It’s possible that more than a handful of lawmakers are now wishing they had listened to common sense and not certain backers when developing legislation for online and mobile sports gambling. COVID-19 has proven that iGaming and mobile gambling options are able to provide a much-needed source of revenue for state and local governments, where the activity is authorized, while the retail gambling market continues to drop. Based on recent analysis by H2 Gambling Capital, particularly in the US, legalizing mobile gambling alternatives has proven to be a lifesaver for government budgets.
During the recently-held Sports Betting USA Conference, H2 Director David Henwood shared some insights into how mobile wagers are helping to shore up an otherwise unstable industry. Overall, global gambling revenue has dropped by 26% this year, with retail gambling taking a 39% hit. To put this into perspective, these figures represent the levels, in terms of gross gambling revenue (GGR), that were seen a decade ago.
However, online gambling and iGaming only suffered a decline of 7% during the same time, and will account for 20% of all gambling activity by year’s end. Henwood explains, “The good news is we believe [the gambling industry] will bounce back, primarily because of the phenomenal rise in the percentage share of online, which in the space of a few months has jumped from 13% of all gambling revenues [pre-COVID] to 19% – possibly reaching 20% by the end of the year.” This is putting iGaming GGR on track to reach $1.4 billion, according to H2’s analysis.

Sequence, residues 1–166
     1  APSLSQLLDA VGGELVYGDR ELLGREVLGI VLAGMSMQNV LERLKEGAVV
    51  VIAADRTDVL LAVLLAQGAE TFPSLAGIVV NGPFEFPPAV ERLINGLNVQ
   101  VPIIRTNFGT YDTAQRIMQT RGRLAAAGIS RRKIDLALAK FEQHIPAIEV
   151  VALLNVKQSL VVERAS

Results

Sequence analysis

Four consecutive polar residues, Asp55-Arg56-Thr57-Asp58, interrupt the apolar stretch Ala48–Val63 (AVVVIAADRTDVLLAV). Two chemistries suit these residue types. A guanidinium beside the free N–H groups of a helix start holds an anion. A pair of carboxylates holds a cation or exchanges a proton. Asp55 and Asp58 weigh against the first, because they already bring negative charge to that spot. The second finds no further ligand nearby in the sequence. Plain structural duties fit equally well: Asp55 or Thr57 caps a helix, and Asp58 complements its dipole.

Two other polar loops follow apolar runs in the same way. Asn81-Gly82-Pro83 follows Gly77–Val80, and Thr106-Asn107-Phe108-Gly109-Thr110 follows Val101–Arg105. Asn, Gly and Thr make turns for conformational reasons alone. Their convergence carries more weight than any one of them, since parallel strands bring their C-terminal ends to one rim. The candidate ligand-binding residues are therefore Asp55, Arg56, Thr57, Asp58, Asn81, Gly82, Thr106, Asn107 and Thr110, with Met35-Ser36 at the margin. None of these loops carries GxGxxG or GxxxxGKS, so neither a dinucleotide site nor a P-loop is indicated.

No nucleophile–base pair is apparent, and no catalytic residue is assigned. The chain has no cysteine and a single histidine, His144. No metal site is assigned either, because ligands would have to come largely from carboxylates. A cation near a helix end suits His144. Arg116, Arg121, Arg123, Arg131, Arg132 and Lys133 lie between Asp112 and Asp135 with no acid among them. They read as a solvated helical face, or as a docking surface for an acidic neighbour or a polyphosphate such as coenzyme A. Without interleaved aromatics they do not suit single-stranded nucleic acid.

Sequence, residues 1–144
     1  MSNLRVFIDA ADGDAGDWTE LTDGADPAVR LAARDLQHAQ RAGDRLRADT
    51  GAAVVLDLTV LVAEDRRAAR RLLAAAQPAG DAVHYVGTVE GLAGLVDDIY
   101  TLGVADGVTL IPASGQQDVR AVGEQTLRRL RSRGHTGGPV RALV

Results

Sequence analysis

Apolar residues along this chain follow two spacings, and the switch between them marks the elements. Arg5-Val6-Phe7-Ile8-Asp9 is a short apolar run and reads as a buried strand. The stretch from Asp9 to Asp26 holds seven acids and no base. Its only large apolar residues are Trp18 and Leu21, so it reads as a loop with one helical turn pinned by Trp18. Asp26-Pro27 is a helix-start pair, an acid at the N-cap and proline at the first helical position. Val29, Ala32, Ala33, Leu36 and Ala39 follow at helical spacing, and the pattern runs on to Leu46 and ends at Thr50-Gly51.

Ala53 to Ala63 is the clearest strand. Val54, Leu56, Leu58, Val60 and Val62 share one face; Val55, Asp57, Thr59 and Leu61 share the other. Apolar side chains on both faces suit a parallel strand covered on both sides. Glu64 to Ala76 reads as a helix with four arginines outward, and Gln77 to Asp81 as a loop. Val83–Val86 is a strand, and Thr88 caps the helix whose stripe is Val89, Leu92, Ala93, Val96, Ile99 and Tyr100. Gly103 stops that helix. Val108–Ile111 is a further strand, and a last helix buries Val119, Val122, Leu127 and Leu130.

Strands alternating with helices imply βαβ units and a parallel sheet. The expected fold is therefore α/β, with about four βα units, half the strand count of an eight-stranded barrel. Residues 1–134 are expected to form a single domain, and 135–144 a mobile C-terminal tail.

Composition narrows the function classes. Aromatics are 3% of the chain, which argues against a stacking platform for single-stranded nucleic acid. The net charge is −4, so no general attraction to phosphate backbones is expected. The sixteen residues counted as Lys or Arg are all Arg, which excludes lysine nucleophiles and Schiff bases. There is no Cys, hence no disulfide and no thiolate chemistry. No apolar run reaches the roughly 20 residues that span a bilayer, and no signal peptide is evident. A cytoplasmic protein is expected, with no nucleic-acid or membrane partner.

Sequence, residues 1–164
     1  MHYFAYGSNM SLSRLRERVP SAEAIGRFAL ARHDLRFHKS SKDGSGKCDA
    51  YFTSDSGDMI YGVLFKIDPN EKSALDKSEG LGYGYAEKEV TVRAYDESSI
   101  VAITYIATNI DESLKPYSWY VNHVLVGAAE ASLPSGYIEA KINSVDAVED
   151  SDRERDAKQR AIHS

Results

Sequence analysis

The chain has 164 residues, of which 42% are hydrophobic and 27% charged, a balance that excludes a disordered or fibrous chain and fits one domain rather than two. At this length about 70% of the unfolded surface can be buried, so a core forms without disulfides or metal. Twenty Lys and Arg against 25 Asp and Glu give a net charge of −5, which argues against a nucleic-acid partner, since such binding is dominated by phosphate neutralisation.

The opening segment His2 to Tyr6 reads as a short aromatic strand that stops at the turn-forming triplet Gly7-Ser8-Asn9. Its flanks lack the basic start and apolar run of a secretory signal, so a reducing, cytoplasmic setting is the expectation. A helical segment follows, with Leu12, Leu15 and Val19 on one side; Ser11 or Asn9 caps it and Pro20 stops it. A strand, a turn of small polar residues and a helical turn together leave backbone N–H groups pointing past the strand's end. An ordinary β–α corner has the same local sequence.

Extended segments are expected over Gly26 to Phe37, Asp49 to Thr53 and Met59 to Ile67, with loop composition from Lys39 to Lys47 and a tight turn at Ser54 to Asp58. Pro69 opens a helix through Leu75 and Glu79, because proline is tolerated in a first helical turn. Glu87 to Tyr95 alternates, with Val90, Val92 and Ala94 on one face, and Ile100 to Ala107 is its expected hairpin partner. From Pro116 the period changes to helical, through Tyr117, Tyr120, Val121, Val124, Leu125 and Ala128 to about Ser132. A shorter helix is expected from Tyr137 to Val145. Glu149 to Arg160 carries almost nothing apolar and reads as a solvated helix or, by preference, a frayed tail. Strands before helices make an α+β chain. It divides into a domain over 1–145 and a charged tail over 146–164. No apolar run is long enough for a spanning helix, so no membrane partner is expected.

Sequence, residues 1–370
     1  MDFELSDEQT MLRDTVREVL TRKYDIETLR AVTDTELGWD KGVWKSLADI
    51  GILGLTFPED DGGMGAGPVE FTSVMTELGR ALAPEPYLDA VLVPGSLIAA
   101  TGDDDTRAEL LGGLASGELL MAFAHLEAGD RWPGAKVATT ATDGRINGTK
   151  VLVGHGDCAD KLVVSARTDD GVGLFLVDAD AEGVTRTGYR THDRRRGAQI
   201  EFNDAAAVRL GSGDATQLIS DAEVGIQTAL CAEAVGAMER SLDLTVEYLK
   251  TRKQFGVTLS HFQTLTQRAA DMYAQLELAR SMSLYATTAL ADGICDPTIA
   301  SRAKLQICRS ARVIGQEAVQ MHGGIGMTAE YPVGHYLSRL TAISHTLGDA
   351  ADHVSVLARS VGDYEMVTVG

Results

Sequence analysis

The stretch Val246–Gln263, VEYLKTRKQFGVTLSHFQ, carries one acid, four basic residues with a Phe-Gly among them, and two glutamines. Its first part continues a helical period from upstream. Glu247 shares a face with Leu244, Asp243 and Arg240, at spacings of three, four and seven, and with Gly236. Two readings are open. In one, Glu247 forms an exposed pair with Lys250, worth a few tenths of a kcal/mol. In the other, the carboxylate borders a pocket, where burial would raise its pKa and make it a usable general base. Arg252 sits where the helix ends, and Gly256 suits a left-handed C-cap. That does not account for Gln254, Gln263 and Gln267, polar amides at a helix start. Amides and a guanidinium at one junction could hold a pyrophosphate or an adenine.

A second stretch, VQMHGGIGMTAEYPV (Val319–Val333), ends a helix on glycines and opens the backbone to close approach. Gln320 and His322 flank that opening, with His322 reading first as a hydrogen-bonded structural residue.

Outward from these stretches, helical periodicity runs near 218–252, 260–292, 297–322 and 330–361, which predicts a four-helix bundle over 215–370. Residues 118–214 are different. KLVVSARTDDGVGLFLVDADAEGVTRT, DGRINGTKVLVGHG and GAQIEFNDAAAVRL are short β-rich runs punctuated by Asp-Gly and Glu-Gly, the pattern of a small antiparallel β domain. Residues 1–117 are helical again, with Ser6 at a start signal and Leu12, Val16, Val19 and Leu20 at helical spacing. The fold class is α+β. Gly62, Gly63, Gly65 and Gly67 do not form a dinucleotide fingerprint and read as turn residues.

Sports gambling has always been seen as a means to attract substantially greater amounts of revenue and the states that have embraced the activity are finding out that there’s merit to that argument. There are now about 19 states that have regulated sports gambling markets, with several more to be added within the next couple of years after they recently approved legislation for the activity. In addition, more states will join, and there could be as many as 40 included within two to three years.
Of those that have already embraced sports gambling, only four didn’t authorize an online component, and they are learning the errors they made. This September, with the NBA playoffs looming and the NFL and college football seasons getting underway, sports gambling operators in the US recorded an aggregate handle of $2.9 billion. That represents a year-on-year increase of 75% and, although sports gambling GGR took a 3% hit as the average hold increased, there is still a lot more growth to come.
So much growth, in fact, that the $1.4 billion in GGR expected for 2020 is forecast to double by the end of next year. After that, there’s nothing but more growth to come, with sports gambling GGR conservatively reaching around $10 billion within ten years. A large portion of that will be recorded by online operations, and those states that don’t authorize the segment will only be able to watch as gamblers continue to find alternatives to brick-and-mortar solutions.